The two appointed members of the federal bank deposit insurer board split on approval of final and proposed rules at their meeting Tuesday, with one citing an erosion of safeguards adopted in the wake of the financial crisis as his reason for casting “no” votes.
Federal Deposit Insurance Corp. (FDIC) Board Member (and former chairman) Martin Gruenberg voted against approval of a final rule on recordkeeping for timely deposit insurance determination, and on a proposed rule for a securitization safe harbor. In both cases, Gruenberg indicated concern that the deposit insurer was retreating from safeguards adopted following the financial crisis of 2008-10.
FDIC Board Chairman Jelena McWilliams – the only other appointed member on the current board – voted in favor of both. Joining her were board members (by way of their positions) Joesph Otting, Comptroller of the Currency, and Kathleen (“Kathy”) Kraninger, director of the Consumer Financial Protection Bureau (CFPB).
According to the FDIC, the rule will now allow for an optional one-year extension of the original compliance deadline of April 1, 2020. “Other changes are more technical and are intended to address issues that became apparent as the FDIC staff worked with institutions to comply with Part 370 since it was first adopted in November 2016,” according to an agency release. The agency added that the final rule is similar to what was proposed in April 2019, with some changes made in response to the public comments received.
The rule takes effect Oct. 1.
The proposal on securitization safe harbor would also amend regulations adopted by the FDIC in 2010, in particular with regard to residential-backed mortgage security (RBMS). According to agency staff briefing the board, the proposal would revise certain provisions of its securitization safe harbor rule, which relates to the treatment of financial assets transferred in connection with a securitization or participation transaction, in order to eliminate a requirement that the securitization documents require compliance with Regulation AB of the Securities and Exchange Commission in circumstances where Regulation AB by its terms would not apply to the issuance of obligations backed by such financial assets.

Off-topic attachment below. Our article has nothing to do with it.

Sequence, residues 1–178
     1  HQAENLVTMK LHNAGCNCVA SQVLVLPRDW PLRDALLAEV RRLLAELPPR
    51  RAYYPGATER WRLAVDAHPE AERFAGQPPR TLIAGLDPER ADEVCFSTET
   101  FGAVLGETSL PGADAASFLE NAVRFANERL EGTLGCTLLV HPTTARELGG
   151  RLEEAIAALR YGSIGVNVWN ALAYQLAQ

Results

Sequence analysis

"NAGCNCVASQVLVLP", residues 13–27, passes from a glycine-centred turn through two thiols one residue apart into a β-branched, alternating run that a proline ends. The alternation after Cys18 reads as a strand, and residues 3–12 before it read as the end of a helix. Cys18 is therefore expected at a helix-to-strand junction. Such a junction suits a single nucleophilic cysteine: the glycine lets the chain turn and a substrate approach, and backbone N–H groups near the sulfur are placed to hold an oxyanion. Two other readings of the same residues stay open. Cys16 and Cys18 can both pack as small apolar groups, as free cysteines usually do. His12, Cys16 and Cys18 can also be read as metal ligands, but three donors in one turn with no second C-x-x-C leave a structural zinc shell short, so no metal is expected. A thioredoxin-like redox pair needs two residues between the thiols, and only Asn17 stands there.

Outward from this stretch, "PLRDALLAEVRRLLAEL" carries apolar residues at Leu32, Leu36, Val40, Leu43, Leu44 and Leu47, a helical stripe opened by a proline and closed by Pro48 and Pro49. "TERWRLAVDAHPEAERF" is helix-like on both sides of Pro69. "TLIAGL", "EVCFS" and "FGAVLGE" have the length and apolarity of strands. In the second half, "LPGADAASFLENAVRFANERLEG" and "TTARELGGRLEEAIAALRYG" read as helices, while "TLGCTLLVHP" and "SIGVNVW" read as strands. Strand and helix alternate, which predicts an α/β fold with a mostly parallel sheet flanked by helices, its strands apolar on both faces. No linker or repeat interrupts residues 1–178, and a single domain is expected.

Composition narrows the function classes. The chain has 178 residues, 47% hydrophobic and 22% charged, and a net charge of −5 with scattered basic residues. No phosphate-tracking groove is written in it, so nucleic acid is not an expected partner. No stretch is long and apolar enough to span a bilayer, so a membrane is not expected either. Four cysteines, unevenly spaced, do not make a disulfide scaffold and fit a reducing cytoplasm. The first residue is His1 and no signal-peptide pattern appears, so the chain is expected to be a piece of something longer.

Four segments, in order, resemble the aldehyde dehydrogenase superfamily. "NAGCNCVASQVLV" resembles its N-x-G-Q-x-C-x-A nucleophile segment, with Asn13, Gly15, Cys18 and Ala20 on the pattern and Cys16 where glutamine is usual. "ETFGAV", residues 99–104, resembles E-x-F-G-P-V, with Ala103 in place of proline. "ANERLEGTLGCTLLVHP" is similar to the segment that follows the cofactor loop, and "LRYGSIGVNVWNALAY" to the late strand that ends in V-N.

The proposal was issued with a 60-day comment period.
In other action, the board unanimously approved a final rule on joint deposit accounts to provide an alternative method to satisfy the “signature card” requirement. The final rule expands the types of evidence considered when determining whether joint accounts qualify for increased deposit insurance coverage, according to the agency. “The FDIC will continue to look to signature cards when determining deposit insurance coverage on joint accounts but may now also rely on other information contained in a bank’s deposit account records that establishes co-ownership of a joint account,” the agency added.
The change does not expand or contract deposit insurance coverage for joint accounts and does not place any increased burden on depositors or FDIC-insured institutions, the agency added.
The rule takes effect 30 days after publication in the Federal Register.